I am trying to use R to find all possible ways to partition the vector `x`

of length `n`

into at most `m`

partitions . I know how to do then when `n`

is small:

```
library(partitions)
x <- c(10, 20, 30, 40)
n <- length(x)
m <- 3
# In how many ways can we partition n objects into at most m patitions
parts <- restrictedparts(n, m)
sets <- setparts(parts)
```

In this example the value of `sets`

is:

```
[1,] 1 1 1 1 2 1 1 1 1 1 1 2 2 2
[2,] 1 1 1 2 1 2 1 2 2 1 2 1 1 3
[3,] 1 2 1 1 1 2 2 1 3 2 1 3 1 1
[4,] 1 1 2 1 1 1 2 2 1 3 3 1 3 1
```

Each columns of `sets`

tells me, for each unique arrangement, into which partition each item in `x`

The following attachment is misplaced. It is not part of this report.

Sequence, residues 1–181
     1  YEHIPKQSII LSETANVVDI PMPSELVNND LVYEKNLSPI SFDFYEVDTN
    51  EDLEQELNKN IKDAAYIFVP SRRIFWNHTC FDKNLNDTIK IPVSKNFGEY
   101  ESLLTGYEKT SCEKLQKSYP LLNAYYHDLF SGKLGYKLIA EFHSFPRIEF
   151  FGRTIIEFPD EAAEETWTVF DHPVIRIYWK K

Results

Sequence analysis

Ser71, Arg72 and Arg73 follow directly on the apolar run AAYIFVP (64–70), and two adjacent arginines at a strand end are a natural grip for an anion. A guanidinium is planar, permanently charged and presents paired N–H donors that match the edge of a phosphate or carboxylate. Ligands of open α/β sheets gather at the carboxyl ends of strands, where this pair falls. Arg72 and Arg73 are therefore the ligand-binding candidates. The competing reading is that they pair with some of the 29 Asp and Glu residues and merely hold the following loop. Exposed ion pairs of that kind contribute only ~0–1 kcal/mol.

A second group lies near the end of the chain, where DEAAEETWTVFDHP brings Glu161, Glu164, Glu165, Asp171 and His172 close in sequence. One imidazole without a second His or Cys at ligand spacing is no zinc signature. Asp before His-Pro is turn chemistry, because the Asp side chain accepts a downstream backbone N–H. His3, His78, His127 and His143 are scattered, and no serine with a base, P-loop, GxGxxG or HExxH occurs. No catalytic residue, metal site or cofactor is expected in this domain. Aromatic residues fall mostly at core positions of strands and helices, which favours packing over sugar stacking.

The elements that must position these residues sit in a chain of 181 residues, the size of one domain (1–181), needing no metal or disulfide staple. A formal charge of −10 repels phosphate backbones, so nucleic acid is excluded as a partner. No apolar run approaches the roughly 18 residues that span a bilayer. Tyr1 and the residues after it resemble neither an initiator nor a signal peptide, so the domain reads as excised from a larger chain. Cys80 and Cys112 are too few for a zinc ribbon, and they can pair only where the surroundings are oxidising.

should be allocated.

The problem occurs when `n`

is large:

```
n <- 15
m <- 4
parts <- restrictedparts(n, m)
# This expression will max out your CPU usage and eventually run out of memory.
sets <- setparts(parts)
```

How can I do this operation without running out of memory? I doubt there's a fast way to do it, so can I suspect I'll have to do it in batches and write to the disk.

into at least, you mean`m`

partitionsat most? – flodel Jan 13 '13 at 16:40`nextpart`

function in the`partition`

library documentation is probably the key. – Divinenephron Jan 13 '13 at 16:49`restrictedparts(15,4)`

and then use`choose(.,.)`

to look at the numbers in each columns you can see the combinatorial explosion. I exceeded that bound by the time I got to`ncol( setparts( restrictedparts(15,4)[,1:13]))`

and there are 54 columns in`restrictedparts(15,4)`

– 42- Jan 13 '13 at 18:08